This morning brings news of what may become another new and important consortium – the Open Network Foundation (ONF). This time the goal is to adapt network architecture to streamline its interoperation with cloud computing. And while the news is intriguing, the way in which it has been broken is a bit odd, on which more below.
According to the press release announcing the new entity:
Six companies that own and operate some of the largest networks in the world — Deutsche Telekom, Facebook, Google, Microsoft, Verizon, and Yahoo! — announced today the formation of the Open Networking Foundation (ONF), a nonprofit organization dedicated to promoting a new approach to networking called Software-Defined Networking (SDN). Joining these six founding companies in creating ONF are 17 member companies, including major equipment vendors, networking and virtualization software suppliers, and chip technology providers.
The technology that the new foundation will promote has been some time in the making, growing out of a six year collaboration between Stanford and the University of California Berkeley. The results are what ONF calls “Software-Defined Networking,” or SNF. SNF incorporates a software interface referred to as “OpenFlow” and a set of global management interfaces upon which management tools can be built. The essential goal appears to enable the creation of "programmable networks" (large and small) that can have "fast lanes" that give priority of transmission to specified data.
Notwithstanding the group of powerhouse companies that are apparently now going to adopt SNF, a picture of the developers of the OpenFlow specification reveals, not surprisingly, a group that looks fresh out of a university computer lab. According to The OpenFlow Website,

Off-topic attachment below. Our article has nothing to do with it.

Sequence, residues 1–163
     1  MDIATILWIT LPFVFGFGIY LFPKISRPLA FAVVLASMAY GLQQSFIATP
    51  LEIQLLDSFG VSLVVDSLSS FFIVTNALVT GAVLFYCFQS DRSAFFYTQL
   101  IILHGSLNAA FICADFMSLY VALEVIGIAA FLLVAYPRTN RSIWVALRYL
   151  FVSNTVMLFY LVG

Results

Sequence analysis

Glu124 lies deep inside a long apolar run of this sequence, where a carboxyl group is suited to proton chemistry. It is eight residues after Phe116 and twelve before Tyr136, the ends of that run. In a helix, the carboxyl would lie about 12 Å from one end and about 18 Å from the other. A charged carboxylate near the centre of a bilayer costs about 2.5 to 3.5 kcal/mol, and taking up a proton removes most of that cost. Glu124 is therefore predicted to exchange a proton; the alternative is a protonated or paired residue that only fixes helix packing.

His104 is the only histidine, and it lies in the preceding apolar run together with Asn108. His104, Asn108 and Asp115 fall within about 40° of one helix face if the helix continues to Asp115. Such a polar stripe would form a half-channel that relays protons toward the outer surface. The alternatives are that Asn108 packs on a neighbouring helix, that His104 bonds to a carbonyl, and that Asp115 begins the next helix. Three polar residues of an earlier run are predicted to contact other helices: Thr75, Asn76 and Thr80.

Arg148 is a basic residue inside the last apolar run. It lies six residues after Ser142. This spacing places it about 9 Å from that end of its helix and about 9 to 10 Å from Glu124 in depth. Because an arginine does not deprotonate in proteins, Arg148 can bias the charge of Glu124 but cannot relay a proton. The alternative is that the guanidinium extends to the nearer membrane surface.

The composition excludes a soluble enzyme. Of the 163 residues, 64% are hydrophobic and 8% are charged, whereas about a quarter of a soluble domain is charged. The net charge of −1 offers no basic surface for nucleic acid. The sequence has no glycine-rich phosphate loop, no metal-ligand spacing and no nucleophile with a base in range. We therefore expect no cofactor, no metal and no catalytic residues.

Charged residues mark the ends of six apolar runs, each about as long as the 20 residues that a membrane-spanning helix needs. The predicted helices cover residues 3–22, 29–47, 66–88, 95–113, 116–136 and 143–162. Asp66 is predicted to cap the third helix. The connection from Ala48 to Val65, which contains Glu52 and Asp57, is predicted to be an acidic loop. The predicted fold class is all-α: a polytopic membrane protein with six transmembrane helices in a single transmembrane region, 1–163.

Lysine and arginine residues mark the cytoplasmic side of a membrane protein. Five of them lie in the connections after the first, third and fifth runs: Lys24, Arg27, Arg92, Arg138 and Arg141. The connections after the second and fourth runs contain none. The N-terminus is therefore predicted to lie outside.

The OpenFlow Switching specification was created in 2008 to evangelize and support OpenFlow. Although hosted at Stanford University, our goal is for OpenFlow to be owned by the community – for the betterment of research and innovation in networking. The OpenFlow Switching Specification has been developed through weekly meetings and open meetings.
The page goes on to invite anyone to join the mailing lists and browse through the group’s weekly meeting minutes.)
What I find curious about the public launch is the hodge-podge manner in which it occurred, in part at Interop Las Vegas. More impressively, there is a lengthy article in the business section of the New York Times – a very difficult story placement for any PR team to pull off. Curiously enough, though, the URL for the ONF itself lands you on a single basic Web page, which links back to the low key OpenFlow Web site. Usually, for an announcement of this type there would be a brand new, glossy website sporting graphics, logos and more to lend credibility to the public launch.
Notwithstanding the absence of a flashy Web site, the press release indicates that the foundation has already been legally formed, and implies that it has already achieved tax exempt status as well. Even more strangely, no information is given about how additional companies may apply. Finally, the press release is bylined Portland, Oregon rather than anywhere near the two universities where the development work to date has apparently occurred, and the text of the footer on the press release suggests that ONF has been legally organized in Oregon as well.
It will be interesting to watch this one, and in particular what shows up at its Web site and when. Meantime, take a look at the NYT article, which takes a deep dive into what the business/technical mission is all about.